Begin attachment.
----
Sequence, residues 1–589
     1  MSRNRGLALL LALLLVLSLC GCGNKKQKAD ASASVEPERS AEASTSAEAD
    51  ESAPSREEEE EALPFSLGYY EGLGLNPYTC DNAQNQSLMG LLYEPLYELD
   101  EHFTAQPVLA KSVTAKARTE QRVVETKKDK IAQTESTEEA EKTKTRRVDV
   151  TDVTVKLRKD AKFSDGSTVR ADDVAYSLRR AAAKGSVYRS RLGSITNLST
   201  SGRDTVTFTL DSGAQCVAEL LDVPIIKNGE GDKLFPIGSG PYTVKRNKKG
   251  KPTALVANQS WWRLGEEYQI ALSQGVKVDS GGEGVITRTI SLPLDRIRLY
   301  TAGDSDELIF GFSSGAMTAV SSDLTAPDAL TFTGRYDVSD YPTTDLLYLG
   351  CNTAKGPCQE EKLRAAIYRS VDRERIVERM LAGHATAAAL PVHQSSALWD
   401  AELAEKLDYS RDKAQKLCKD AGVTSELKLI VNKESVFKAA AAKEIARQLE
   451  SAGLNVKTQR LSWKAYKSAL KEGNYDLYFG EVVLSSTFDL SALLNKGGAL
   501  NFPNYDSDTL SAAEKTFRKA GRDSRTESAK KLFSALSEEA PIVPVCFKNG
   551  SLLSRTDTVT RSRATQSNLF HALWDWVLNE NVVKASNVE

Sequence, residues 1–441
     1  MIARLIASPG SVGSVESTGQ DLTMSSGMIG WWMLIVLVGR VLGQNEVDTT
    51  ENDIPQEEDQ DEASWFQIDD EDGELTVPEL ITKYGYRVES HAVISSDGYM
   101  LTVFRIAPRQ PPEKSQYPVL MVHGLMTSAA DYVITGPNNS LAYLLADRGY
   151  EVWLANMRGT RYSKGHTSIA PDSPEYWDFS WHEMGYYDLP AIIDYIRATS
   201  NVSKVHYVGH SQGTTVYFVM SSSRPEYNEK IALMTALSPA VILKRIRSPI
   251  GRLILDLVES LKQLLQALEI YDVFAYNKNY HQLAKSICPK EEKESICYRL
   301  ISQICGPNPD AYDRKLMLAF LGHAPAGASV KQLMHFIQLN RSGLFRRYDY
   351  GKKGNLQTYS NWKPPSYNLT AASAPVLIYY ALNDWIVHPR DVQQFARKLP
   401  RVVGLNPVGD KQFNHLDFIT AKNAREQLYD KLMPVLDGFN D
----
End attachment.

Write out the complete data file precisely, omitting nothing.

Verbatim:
Sequence, residues 1–589
     1  MSRNRGLALL LALLLVLSLC GCGNKKQKAD ASASVEPERS AEASTSAEAD
    51  ESAPSREEEE EALPFSLGYY EGLGLNPYTC DNAQNQSLMG LLYEPLYELD
   101  EHFTAQPVLA KSVTAKARTE QRVVETKKDK IAQTESTEEA EKTKTRRVDV
   151  TDVTVKLRKD AKFSDGSTVR ADDVAYSLRR AAAKGSVYRS RLGSITNLST
   201  SGRDTVTFTL DSGAQCVAEL LDVPIIKNGE GDKLFPIGSG PYTVKRNKKG
   251  KPTALVANQS WWRLGEEYQI ALSQGVKVDS GGEGVITRTI SLPLDRIRLY
   301  TAGDSDELIF GFSSGAMTAV SSDLTAPDAL TFTGRYDVSD YPTTDLLYLG
   351  CNTAKGPCQE EKLRAAIYRS VDRERIVERM LAGHATAAAL PVHQSSALWD
   401  AELAEKLDYS RDKAQKLCKD AGVTSELKLI VNKESVFKAA AAKEIARQLE
   451  SAGLNVKTQR LSWKAYKSAL KEGNYDLYFG EVVLSSTFDL SALLNKGGAL
   501  NFPNYDSDTL SAAEKTFRKA GRDSRTESAK KLFSALSEEA PIVPVCFKNG
   551  SLLSRTDTVT RSRATQSNLF HALWDWVLNE NVVKASNVE

Sequence, residues 1–441
     1  MIARLIASPG SVGSVESTGQ DLTMSSGMIG WWMLIVLVGR VLGQNEVDTT
    51  ENDIPQEEDQ DEASWFQIDD EDGELTVPEL ITKYGYRVES HAVISSDGYM
   101  LTVFRIAPRQ PPEKSQYPVL MVHGLMTSAA DYVITGPNNS LAYLLADRGY
   151  EVWLANMRGT RYSKGHTSIA PDSPEYWDFS WHEMGYYDLP AIIDYIRATS
   201  NVSKVHYVGH SQGTTVYFVM SSSRPEYNEK IALMTALSPA VILKRIRSPI
   251  GRLILDLVES LKQLLQALEI YDVFAYNKNY HQLAKSICPK EEKESICYRL
   301  ISQICGPNPD AYDRKLMLAF LGHAPAGASV KQLMHFIQLN RSGLFRRYDY
   351  GKKGNLQTYS NWKPPSYNLT AASAPVLIYY ALNDWIVHPR DVQQFARKLP
   401  RVVGLNPVGD KQFNHLDFIT AKNAREQLYD KLMPVLDGFN D